More than 50% of C-suite executives say that they are accelerating digital initiatives, including the shift to cloud and global spending on digital transformation is expected to rise by more than 10% in 2020 as organizations aim to improve their resilience. That need for greater resilience coincides with surging interest in the potential of next-generation networks, with CSPs right at the heart of those developments.

Next generation on the edge

The rollout of 5G and the edge computing that it can support will fundamentally reshape how many industries operate – and create entirely new business models. Telemedicine and remote education services are both expected to experience double-digit annual growth over the next few years. Throughout the pandemic, these have been areas of focus for CSPs. For instance, 245,000 Ghanaians have benefited from MTN's Free Education Websites. To capitalize, CSPs will have to enter new partnerships and create new ecosystems around which these new industries can take shape and grow.

Rebuilding smart

Just as critical for growth will be the engagement of CSPs with governments as they invest in building new infrastructure to stimulate the economy and meet their citizens' demands for services in a digital world. Accordingly, smart city spending is set to be 20% higher in 2020 than it was in 2019 and major funds have been earmarked for smart infrastructure and digitization, according to IDC.

Many countries and cities have already made a start. In June, for instance, Singapore announced a 30% increase in 2020 ICT spend to accelerate digitalization and help businesses recover from the COVID-19 impact. To cite another example, Copenhagen partnered with Ørsted, Mærsk and DSV, among others, in May to develop a facility to produce green fuels for road, maritime, and air transport in the Danish city.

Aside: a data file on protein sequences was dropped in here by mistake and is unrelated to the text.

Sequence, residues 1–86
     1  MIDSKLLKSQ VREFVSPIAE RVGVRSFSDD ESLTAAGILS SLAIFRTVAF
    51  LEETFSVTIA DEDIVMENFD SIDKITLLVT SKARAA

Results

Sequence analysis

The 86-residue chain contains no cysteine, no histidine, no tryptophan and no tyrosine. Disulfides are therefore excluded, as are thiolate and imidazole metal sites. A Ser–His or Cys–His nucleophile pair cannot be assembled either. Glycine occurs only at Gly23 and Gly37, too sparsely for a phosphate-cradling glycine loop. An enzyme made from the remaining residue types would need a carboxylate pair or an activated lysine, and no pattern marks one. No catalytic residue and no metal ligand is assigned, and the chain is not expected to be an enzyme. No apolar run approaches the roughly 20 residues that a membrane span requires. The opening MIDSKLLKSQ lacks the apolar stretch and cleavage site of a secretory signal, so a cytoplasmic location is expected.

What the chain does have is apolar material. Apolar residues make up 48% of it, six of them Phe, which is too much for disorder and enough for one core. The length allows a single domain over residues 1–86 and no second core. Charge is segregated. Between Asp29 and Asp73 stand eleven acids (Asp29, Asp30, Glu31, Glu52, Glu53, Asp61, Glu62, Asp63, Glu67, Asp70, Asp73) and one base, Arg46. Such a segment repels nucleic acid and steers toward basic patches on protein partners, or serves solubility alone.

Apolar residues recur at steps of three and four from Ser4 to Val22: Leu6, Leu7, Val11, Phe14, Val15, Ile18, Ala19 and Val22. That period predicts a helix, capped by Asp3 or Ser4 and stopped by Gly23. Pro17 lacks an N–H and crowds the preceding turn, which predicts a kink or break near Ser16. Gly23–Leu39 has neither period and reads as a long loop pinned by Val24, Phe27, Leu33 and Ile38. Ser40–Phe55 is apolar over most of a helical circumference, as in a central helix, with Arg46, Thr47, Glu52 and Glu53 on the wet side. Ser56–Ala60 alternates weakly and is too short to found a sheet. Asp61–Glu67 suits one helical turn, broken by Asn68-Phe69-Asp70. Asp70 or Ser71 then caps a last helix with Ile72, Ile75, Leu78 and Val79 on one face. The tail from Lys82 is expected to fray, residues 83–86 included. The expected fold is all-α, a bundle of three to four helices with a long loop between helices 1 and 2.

The aim is to spread the benefits as widely as possible. COVID-19 has highlighted existing inequalities, and governments are anxious to ensure that the investments they make serve the whole of society and close the gap between digital haves and have-nots. For example, many small and medium-sized businesses have been hit hard by the pandemic. They will need help to re-invent themselves digitally, open new channels to customers and move their operations online.

CSPs can take a leading role in all these initiatives – and more. They'll have to do things differently and work with a wider range of public and private sector partners than they are accustomed to. But the experience of the pandemic has emphasized just how vital and central the services that CSPs provide are. If they can build on their revitalized status, they have an unparalleled opportunity to boost their influence and involvement in the post-pandemic world. It's a chance they have to take.

— Andrew Walker, Communications & Media Industry Lead, North America, Accenture